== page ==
We need Anti Virus software on our Atlassian Confluence and Jira server systems. How to do it?

Our concern while running Jira and Confluence today: No antivirus measure…

“There is no provision for antivirus capability within Atlassian Confluence and Jira. Antivirus measures available are managed as a batch process overnight – not real-time as you might expect. Platform may hold documents / files which may contain unwanted code or malware which would be distributed unchecked.”

Could you please advise your recommendation with regard to antivirus so I can get back with our IT – either to budget for it, or with an explanation (for tech people) as to why it’s not required.

Thanks so much.

  • We recommend to secure the devices that are vulnerable to viruses. That’s efficient and best practice. So you install a Anti Virus software on a Windows PC. Apple and Linux devices (very, very) rarely have viruses at all. But there are anti virus software for these devices as well. All of these solutions are cheap.
  • It is possible to scan for viruses on the server. But this has a lot of significant downsides:
    • It costs a lot of money as such server licenses for anti virus software tend to be super expensive.
    • The server is not vulnerable itself. We are taking care of this. You are protecting at the wrong place. Even if this protection is super high. You still have to protect the client devices with the same high security measures.
    • As you have to protect the client devices either way. Putting an anti virus on the server is a waste of money in my humble opinion.
  • If you want to scan your Confluence for viruses there are two ways:
    • You can scan in the background on the server periodically. This includes the problem that files that are instantly uploaded and then executed by someone else may not be part of the security interval.
    • You can scan every file right after uploading. Confluence will then break and be unusably slow. Your IT team surely does not do this in their internal system.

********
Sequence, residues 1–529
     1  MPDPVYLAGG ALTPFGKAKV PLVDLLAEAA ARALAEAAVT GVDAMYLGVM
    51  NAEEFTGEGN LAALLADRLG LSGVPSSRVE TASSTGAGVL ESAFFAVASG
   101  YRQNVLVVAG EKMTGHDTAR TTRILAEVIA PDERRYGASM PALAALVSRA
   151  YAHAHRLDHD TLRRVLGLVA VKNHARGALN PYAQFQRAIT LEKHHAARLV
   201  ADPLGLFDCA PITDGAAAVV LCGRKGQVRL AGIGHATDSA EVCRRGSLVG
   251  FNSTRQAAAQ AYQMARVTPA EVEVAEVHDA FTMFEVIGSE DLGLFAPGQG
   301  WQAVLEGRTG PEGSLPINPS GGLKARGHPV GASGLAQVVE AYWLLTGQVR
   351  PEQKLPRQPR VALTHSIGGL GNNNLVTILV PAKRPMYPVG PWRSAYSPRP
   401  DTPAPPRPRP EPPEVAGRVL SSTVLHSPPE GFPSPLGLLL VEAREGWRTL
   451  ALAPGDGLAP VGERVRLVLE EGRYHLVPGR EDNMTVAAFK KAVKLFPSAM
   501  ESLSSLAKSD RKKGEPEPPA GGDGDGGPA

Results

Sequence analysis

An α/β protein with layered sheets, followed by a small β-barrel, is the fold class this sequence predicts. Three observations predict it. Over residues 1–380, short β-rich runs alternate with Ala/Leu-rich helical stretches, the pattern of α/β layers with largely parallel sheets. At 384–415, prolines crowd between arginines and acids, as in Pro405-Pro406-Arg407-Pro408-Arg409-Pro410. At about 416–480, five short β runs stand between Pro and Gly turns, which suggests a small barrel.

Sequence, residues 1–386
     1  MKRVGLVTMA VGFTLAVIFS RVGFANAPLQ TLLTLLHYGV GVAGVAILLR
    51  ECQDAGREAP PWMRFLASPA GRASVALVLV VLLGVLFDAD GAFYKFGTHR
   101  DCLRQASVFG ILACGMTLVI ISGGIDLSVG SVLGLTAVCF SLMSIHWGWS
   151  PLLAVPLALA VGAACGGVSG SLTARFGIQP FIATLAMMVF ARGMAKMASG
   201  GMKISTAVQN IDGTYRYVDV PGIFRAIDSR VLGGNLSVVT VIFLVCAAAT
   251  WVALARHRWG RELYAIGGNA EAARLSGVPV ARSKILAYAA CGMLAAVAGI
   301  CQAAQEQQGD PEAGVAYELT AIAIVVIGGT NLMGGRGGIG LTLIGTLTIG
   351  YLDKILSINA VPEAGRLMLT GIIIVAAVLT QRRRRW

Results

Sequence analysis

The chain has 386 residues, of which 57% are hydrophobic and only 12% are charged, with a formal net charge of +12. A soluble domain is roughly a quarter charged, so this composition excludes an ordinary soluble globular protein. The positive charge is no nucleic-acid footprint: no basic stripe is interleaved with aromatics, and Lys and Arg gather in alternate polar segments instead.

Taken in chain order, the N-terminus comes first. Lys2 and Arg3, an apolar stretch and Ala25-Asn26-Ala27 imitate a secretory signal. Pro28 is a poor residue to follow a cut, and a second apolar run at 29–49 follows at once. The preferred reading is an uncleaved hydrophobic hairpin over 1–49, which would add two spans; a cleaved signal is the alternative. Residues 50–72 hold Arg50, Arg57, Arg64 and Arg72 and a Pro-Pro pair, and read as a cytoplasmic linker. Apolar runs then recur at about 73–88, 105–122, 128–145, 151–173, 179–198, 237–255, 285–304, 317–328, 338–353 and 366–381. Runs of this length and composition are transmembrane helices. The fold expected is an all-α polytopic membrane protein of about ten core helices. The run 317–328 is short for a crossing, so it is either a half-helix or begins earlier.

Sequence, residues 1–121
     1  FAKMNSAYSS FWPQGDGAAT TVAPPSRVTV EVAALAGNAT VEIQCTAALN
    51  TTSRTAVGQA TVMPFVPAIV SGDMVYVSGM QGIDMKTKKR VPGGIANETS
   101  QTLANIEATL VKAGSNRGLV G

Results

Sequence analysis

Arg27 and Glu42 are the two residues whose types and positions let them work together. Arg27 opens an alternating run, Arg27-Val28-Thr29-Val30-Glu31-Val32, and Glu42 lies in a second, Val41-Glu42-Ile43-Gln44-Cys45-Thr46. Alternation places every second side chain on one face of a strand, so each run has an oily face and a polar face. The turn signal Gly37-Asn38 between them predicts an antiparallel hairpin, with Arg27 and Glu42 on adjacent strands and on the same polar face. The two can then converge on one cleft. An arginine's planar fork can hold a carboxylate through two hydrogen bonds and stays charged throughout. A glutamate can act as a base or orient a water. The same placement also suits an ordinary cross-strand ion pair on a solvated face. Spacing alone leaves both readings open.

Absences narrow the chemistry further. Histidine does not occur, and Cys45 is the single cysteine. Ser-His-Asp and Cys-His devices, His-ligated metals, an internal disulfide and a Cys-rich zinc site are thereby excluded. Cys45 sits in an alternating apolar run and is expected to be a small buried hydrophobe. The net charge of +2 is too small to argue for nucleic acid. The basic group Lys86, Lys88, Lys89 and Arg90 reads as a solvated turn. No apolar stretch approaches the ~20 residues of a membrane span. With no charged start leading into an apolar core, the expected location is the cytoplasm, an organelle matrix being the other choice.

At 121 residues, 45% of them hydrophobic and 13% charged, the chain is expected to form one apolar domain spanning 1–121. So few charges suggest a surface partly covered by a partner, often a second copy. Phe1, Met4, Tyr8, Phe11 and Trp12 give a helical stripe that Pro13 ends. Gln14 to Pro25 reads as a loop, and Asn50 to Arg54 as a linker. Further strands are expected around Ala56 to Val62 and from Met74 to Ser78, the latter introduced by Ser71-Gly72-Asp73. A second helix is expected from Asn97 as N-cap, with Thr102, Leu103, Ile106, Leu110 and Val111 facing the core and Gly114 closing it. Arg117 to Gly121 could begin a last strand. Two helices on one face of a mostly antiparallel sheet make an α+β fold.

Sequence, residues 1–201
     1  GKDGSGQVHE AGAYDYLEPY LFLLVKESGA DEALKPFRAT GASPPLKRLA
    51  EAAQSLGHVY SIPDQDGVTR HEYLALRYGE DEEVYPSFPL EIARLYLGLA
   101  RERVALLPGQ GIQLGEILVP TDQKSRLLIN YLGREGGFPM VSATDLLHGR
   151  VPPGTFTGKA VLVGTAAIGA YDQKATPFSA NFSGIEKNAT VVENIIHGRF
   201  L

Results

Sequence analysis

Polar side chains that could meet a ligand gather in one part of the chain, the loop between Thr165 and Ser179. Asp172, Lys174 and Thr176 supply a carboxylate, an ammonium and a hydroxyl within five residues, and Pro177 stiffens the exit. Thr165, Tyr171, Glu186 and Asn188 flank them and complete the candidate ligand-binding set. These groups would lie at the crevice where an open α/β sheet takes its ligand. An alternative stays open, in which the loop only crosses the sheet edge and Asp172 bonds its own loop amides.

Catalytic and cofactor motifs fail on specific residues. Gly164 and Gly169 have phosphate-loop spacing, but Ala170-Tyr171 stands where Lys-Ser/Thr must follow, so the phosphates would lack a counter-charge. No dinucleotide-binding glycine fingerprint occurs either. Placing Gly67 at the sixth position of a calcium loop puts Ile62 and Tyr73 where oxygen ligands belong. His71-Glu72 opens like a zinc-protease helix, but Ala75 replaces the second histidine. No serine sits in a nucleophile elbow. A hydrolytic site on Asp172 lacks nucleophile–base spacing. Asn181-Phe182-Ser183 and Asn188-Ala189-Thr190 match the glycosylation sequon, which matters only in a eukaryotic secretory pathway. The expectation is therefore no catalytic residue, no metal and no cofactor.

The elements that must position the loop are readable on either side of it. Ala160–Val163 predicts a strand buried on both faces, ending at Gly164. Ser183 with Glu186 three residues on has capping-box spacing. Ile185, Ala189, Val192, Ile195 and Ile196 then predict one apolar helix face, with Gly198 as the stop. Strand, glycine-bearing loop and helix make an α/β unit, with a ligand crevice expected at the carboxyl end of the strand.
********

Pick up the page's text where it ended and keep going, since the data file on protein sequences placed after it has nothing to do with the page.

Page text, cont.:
• For the whole anti virus discussion I would like to pass back the question to your IT team. How do they protect the server from viruses today? Do they follow our practice of not using a server side measurement at all? How come this new instance now shall have that? If they use a way, which way is it? Can we use the same licenses and the same measures on our systems? What is their recommendation here?
  • There is a simple solution that we can offer to Bath Spa University if you just want to “check the AV box”. We can install the open source software ClamAV on your server and run that periodically. There are no licensing cost. The initial cost to put that configurably into our infrastructure as a server (AKA on your machine) will be a one-time fee (Please contact us.). We’ll then have to see if there are any performance downsides that will need a bigger server and thus more monthly costs, but we doubt it at this point. The challenge with this solution is, that ClamAV has not the best reputation for getting the meanest viruses the fastest. It could be, that added security by this measure is not justifying the spending. But you can decide that internally.

I hope that this helps. It’s an unfortunate discussion with no distinct answer. Our recommendation (as of now) is to do nothing.

I hear from my colleague Benjamin that we have built a solution for SOPHOS, an enterprise-ready anti virus as well. It’s a script, that put’s affected files into Confluence trash to make sure, they do not leave dead links after deletion. We call that solution Sophulence. It’s not publicly available but only through us.

If all devices run malware protection, it might be good enough. But I see scenarios where a closer look reveals security risks. Scanning all attachments in Confluence and Jira for malware, viruses, worms, and trojans limits the risk:

  1. Automated processing of files: Jira/Confluence or an app/automation might process the uploaded file in some by working with the content. There have been issues in XML parsing libraries, PDF libs, etc. that cause serious harm.
  2. External suppliers upload/download files: Jira/Confluence is used to collaborate with external suppliers. Think of suppliers using your Jira to track the progress of a project or your Confluence to document their work. Attachments move between your “trusted”/secure and the untrusted world in those scenarios. Your suppliers might or might not have the latest malware protection in place.
  3. Distributing malware to end-users: Confluence can distribute documentation to end-users. Your company likely wants to be someone other than the one distributing malware accidentally (there are services scanning websites for malware for that reason).
  4. External end-users upload/download attachments: When using Jira Service Management, external end-users create attachment issues. Your support reps might upload files as well. How can you ensure that no malware enters or leaves your organization? Relying on the last defense row (the support rep device) is a risk worth discussing.

In 2015, we started developing an antivirus solution for Amazon S3 that has been growing ever since. We recently ported the solution to Confluence Cloud (with Jira Cloud coming in the next week or so). attachmentAV scans your Jira and Confluence attachments and detects malware in real-time.

I’d appreciate hearing your feedback.

Do you have an app in the Atlassian marketplace?

Sorry for the late reply… yes we do: